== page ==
• "Strength and Diversity: A Celebration of African-American Artists", Carpenter Center, Harvard University, Cambridge, MA (solo)
    • "Picturing the Amazon", New Museum of Contemporary Art, New York, NY (solo)
    • "Departures: 11 Artists at the Getty", The Getty Center, Los Angeles, CA
    • "Passages: Contemporary Art in Transition", Studio Museum in Harlem, New York, NY;Chicago Cultural Center, Chicago, IL;Miami Art Museum, Miami, FL
    • "Body Politics: The Female Image in Luba Art and the Sculpture of Alison Saar," The UCLA Fowler Museum of Cultural History, Los Angeles, CA
  • 1999
    • "Alison Saar: Terra Incognita", Phyllis Kind Gallery, New York, NY (solo)
    • "Alison Saar: Recent Work", Herron Gallery, Indiana University, Indianapolis, IN (solo)
    • "Alison Saar," Santa Monica Museum of Art, Santa Monica, CA (solo)
    • "Political Visions", Fassbender Gallery, Chicago, IL (solo)
    • "Bearing Witness: Contemporary Works by African-American Women Artists", Spelman College Museum of Fine Art, Atlanta, GA; Fort Wayne Museum of Art, Fort Wayne, IN; Polk Museum of Art, Lakeland, FL; The Columbus Museum, Columbus, GA; African-American Museum, Dallas, TX; Minnesota Museum of American Art, St. Paul, MN; Gibbes Museum of Art, Charleston, SC; Ulrich Museum of Art, Wichita, KS; Portland Museum of Art, Portland, ME;Museum of Fine Arts, Houston,TX; African-American History and Culture Museum, Fresno, CA
  • 1998
    • "Sculpture by Alison Saar", The Trustees of The Saint-Gaudens Memorial, Cornish, NH (solo)
    • "The Tip of the Iceberg: A Response to New York Museums", Dorfman Projects, New York, NY
    • "American Stories", Setagaya Art Museum, Setagaya, Japan
  • 1997
    • "Alison Saar: Hairesies", Phyllis Kind Gallery, New York, NY (solo)
    • "Alison Saar", Jan Baum Gallery, Los Angeles, CA (solo)
    • "Alison Saar", List Gallery, Swarthmore College, Swarthmore, PA (solo)
    • "Alison Saar", Laumeier Sculpture Park, St. Louis, MO (solo)
  • 1996
    • "Alison Saar: Strange Fruit", Phyllis Kind Gallery, New York, NY (solo)
    • "Alison Saar: The Woods Within", The Brooklyn Museum, The Grand Lobby, Brooklyn, NY (solo)
    • "Myth and Magic", California Center for the Arts Museum, Escondido, CA
    • "Subjective Vision", Kipp Gallery, Indiana University of Pennsylvania, Indiana, PA
    • "A Labor of Love", The New Museum of Contemporary Art, New York, NY
  • 1995
    • "Imaginary Beings", Exit Art, New York, NY
    • "Art with Conscience", The Newark Museum, Newark, NJ
    • "Twentieth Century American Sculpture at The White House", The White House, Washington DC
  • 1993
    • Freedman Gallery Albright College, Reading, PA
    • Biennial Exhibition, Whitney Museum of American Art New York, NY
  • 1992
    • Installation, Neuberger Museum, Purchase, NY
    • Maryland Institute of Art Baltimore, MD
    • Cleveland Center for Contemporary Art, Cleveland, OH
    • Roving Installation, Museum of Contemporary Art Baltimore, MD
  • 1991
    • Palos Verdes Art Center, Palos Verdes, CA
  • 1990
    • "Secrets, Dialogues, Revelations: The Art of Betye and Alison Saar", Wight Art Gallery, University of California, Los Angeles, CA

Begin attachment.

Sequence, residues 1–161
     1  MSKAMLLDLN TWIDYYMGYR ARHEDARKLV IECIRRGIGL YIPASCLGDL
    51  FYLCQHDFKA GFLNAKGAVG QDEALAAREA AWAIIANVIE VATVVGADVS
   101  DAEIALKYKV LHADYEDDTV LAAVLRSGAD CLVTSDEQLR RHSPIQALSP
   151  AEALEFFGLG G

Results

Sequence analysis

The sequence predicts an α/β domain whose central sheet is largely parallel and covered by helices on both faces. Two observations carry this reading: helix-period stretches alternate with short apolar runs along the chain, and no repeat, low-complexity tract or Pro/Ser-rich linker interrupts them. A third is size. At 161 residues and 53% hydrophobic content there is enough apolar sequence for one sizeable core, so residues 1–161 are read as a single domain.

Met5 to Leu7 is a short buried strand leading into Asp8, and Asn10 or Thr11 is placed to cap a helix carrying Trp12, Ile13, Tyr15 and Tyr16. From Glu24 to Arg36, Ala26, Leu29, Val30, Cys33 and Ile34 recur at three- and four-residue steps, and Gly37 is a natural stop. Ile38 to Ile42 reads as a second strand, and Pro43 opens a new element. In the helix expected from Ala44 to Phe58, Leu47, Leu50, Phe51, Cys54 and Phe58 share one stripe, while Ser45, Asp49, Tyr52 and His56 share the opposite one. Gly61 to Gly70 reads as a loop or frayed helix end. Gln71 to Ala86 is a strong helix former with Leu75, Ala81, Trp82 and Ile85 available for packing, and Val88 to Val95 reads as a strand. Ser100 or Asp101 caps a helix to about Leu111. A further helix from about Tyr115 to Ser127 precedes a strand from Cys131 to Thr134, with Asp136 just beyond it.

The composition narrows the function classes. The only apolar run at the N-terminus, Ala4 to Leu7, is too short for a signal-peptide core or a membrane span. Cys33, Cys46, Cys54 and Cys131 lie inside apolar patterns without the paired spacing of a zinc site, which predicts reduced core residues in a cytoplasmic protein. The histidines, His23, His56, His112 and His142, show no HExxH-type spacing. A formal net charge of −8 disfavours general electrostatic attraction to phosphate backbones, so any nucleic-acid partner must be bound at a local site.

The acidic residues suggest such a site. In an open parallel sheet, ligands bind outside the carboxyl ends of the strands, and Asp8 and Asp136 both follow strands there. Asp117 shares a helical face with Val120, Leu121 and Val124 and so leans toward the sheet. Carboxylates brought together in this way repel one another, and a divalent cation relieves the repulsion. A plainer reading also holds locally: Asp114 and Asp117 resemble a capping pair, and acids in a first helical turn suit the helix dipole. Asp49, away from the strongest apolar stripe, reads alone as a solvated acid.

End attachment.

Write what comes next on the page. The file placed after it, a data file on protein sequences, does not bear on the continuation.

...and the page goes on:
• "Celebrations: Sights and Sounds of Being", Fisher Gallery, University of Southern California, Los Angeles, CA
    • "The Decade Show: Frameworks of Identity in 1980s", New Museum; Studio Museum; Museum of Contemporary Hispanic Art: New York, NY
    • "Sculptural Revolution", Socrates Park, Long Island City, NY
    • Biennial Exhibition, Whitney Museum of American Art, New York, NY
  • 1989
    • Jamaica Arts Center, Jamaica, NY
  • 1988
    • Socrates Park, New York, NY
    • The Queens Museum, New York, NY
    • Metropolitan Museum of Art, New York, NY
  • 1986
    • Monique Knowlton Gallery, New York, NY
  • 1985
    • Artpark Niagara Falls, NY
  • 1983
    • Jan Baum Gallery Los Angeles, CA
  • 1982
    • Jan Baum Gallery Los Angeles, CA

External links[edit]

References[edit]

  1. ^ Lewis, Samella (1990). African American Art and Artists. Berkeley: University of California Press. pp. 284–287. ISBN 0-520-08532-9. Retrieved April 8, 2015. 
  2. ^ "Alison Saar". Otis College of Art and Design. Retrieved March 5, 2016. 
  3. ^ a b Clark, Erin. "Alison Saar." Artworks Winter (2008): 33-40. Print.
  4. ^ Wilson, Judith. "Down to the Crossroads: The Art of Alison Saar." Callaloo 14.1 (1991): 107-23. Web. [1].
  5. ^ OtisCollege (October 14, 2008), Alison Saar, Otis, 1981, retrieved March 5, 2016 
  6. ^ a b "Alison Saar Biography – Alison Saar on artnet". www.artnet.com. Retrieved March 5, 2016. 
  7. ^ "In Residence | Hood Museum". hoodmuseum.dartmouth.edu. Retrieved March 5, 2016. 
  8. ^ Saar, Alison; Delaware Center for the Contemporary Arts; Towson University (January 1, 2007). Duped: prints by Alison Saar : Towson University, March 16, 2007-April 14, 2007 : Delaware Center for the Contemporary Arts, April 20, 2007-August 5, 2007. Delaware: Delaware Center for the Contemporary Arts. ISBN 0-9785927-2-7. 
  9. ^ Body Politics, The Female Image in Luba Art and the Sculpture of Alison Saar. Los Angeles, CA: UCLA Fowler Museum of Cultural History, 2001
  10. ^ "LA Louver Gallery – Home". lalouver.com. Archived from the original on April 2, 2015. Retrieved March 6, 2016. 
  11. ^ artist bio (pdf)
  12. ^ "United States Artists". United States Artists. Retrieved March 6, 2016. 
  13. ^ "Massachusetts College of Art and Design | Alison Saar: STILL...". www.massart.edu. Retrieved March 5, 2016. 
  14. ^ "Figge Art Museum – Alison Saar: STILL...". figgeartmuseum.org. Retrieved March 5, 2016. 
  15. ^ "Alison Saar: Bearing – MoAD Museum of African Diaspora". MoAD Museum of African Diaspora. Retrieved February 25, 2016.